The Evolution of Baseball

The Evolution of Baseball

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Baseball is a unique sport. Baseball is the only sport in which the defense has the ball. Pitchers have always had the advantage over the batters. Beginning around 1912, major changes gave the batter many advantages. Consequently, fan enjoyment has risen and owner profits have soared. These new advantages for the batter were an improvement but not enough to balance the scale between the pitcher and the batter. Former Red Sox second baseman Steve Rodriguez said, "Pitchers always have the advantage, knowing that it is nine players against one".[1] Besides, the batters who fail seven out of ten times are considered baseball's best.[2] Starting roughly a century ago, baseball changed in many ways in the batter's favor; however, baseball is and always has been ruled by the pitchers.

Baseball originated before the Civil War, evolving from a British game called Rounders. Rounders was a more simple game played in town squares in Great Britain. Stakes were used instead of bases and rather than balls and strikes, the pitcher just threw the ball to the "striker" until the "striker" hit the ball with a flat-sided stick. [3] The first organized baseball team in the United States to use similar rules to today's baseball was the Knickerbocker Club from New York, founded in 1837. Alexander Cartwright was an early member of the Knickerbocker Club and he is known to have written and finalized most of the rules of baseball.[4] After the Knickerbocker Club started, baseball became extremely popular. As a result the National League was formed in 1876. The National League contained eight teams; its rival, the American League, founded in 1901, also had eight teams. The first World Series was held in 1903. At the time there was much tension between the players in both leagues.[5] This is different from the Major League today because most players in the American League are not concerned about players in the National League until late in the playoffs. Despite how far the game has come, the dynamic between the pitcher and the batter has not changed much. Ever since the Knickerbocker Club started playing, the pitcher has always had the advantage over the batter.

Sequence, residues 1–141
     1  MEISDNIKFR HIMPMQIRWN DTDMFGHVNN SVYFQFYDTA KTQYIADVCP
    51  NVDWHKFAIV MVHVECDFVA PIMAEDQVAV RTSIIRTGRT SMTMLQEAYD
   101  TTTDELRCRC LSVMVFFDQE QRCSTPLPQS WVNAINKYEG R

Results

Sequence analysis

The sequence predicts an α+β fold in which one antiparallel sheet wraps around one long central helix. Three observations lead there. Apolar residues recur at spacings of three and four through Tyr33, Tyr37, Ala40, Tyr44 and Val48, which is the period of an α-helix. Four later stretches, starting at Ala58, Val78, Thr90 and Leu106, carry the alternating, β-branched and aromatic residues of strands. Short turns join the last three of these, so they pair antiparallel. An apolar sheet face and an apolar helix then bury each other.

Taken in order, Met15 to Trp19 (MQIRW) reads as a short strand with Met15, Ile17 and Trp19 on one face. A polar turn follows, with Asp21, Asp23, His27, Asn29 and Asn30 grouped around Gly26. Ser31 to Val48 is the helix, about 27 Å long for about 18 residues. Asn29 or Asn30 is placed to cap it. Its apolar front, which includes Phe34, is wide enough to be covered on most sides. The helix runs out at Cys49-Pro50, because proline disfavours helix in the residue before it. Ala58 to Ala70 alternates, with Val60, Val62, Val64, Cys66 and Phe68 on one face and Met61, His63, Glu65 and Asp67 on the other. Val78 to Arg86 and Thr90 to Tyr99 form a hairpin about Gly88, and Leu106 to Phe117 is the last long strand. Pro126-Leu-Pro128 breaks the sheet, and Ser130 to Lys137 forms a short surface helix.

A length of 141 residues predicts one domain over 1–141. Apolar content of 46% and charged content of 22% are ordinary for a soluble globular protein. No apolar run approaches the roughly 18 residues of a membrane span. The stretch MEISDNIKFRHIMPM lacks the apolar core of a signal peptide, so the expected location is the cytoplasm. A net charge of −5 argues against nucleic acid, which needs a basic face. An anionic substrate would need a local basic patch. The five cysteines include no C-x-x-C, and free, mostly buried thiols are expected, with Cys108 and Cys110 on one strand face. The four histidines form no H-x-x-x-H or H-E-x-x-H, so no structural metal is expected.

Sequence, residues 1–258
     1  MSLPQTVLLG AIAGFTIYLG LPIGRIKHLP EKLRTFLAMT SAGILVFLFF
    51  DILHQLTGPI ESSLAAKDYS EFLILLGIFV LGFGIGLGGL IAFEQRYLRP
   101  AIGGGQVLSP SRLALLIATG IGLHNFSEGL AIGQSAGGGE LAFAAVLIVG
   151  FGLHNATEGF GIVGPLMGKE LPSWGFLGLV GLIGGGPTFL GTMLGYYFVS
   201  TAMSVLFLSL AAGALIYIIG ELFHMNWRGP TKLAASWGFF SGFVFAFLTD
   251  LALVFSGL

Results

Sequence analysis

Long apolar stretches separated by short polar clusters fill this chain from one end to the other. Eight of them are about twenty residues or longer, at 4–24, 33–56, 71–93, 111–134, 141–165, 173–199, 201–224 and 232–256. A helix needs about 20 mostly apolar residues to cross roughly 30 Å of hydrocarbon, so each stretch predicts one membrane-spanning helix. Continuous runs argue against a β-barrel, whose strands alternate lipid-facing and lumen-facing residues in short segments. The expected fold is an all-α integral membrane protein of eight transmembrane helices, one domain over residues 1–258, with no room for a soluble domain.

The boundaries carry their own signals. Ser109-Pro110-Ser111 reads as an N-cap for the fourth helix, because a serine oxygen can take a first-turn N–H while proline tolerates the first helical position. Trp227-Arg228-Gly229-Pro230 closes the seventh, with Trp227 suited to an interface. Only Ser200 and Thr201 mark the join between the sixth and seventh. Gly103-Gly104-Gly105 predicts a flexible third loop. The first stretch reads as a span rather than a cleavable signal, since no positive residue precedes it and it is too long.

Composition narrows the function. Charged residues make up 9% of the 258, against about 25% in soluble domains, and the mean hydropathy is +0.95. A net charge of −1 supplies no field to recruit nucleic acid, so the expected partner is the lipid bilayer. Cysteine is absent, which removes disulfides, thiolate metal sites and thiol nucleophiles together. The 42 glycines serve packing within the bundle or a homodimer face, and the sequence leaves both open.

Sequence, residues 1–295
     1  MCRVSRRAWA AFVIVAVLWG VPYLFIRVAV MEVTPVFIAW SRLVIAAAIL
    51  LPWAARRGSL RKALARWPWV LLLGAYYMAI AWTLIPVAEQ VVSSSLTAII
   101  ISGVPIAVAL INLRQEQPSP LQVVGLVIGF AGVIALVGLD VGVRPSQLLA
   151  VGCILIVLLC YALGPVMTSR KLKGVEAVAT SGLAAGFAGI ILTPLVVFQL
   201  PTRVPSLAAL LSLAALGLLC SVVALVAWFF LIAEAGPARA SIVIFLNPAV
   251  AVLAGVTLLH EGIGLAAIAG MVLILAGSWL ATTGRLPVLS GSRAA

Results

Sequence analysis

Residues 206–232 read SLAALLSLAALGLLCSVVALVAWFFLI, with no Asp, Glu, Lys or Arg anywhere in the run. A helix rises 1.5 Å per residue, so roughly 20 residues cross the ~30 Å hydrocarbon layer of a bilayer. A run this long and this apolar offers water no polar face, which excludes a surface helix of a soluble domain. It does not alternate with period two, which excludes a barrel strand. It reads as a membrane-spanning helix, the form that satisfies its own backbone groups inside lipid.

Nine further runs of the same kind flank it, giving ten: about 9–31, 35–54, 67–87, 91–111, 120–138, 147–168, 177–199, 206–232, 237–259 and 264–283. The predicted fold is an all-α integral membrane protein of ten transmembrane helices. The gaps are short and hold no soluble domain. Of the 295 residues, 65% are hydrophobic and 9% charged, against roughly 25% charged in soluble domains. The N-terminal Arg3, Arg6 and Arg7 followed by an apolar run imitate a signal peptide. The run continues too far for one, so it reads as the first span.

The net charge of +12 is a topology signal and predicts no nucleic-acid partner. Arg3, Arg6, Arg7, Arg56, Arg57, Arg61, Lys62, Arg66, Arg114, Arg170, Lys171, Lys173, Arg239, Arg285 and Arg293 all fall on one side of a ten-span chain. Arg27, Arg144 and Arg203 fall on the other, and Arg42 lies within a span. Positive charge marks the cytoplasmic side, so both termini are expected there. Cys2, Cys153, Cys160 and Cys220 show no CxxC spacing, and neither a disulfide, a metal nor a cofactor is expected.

The most important item in baseball is the ball itself. The baseball has changed, which has affected the game significantly. Currently, the baseball weighs five ounces, and is nine inches in circumference. It is wound with wool yarn, and is covered with two layers of cowhide, with a cork center. It was not until 1976 that cowhide was used on the baseball. From the time the Major League was first established until 1976, horsehide was used on the baseball. This was changed, because of the shortage of horses.[6] Today Major League games use sixty to seventy balls a game plus batting practice. [7] This is not how Major League baseball has always been. There was an era in baseball where only three to four baseballs were used per game. [8] This time frame was known as the Dead-Ball Era and took place from 1900 to 1919.[9] In this era, the pitchers had a massive advantage. There were numerous reasons; balls were over used, the balls were not strung as tightly, and the pitcher was able to dirty up the baseball. Because of these reasons, the ball simply did not go as far. On average, the leading home run hitter hit about fourteen home runs a year.[10] As mentioned before, pitchers were allowed to dirty the baseball, and it was encouraged. The more they dirtied the ball the harder it was for the batter. When the ball was dirty it would make very weird and unpredictable movements in the air, after being pitched. In other words, almost every pitch moved and acted like a knuckle ball. During the Dead-Ball Era, balls were not the same as they are today. The balls were not wrapped as tightly and there was usually a lump in the ball making it lopsided. Sometimes, the ball would be black with tobacco juice and licorice stains, and become sharp from sandpaper and various other objects.[11] This is commonly known as the spitball but is also referred to as, "the spitter", "wet one", or "unsanitary pitch". The spitball was banned from baseball after the 1920 season. This rule took affect after the 1920 season because of the Ray Chapman incident. On August 16, 1920 Carl Mays was facing Ray Chapman. Carl Mays dirtied up the baseball and threw the pitch. This pitch struck Ray Chapman in the head, killing him ten hours later. This is the only time that a player has died because of being hit by a pitch.[12] Sadly, eighteen pitchers still used the spitball but thankfully nobody else got seriously hurt. This rule became more enforced and the Major League was stricter about it after the 1968 season.[13]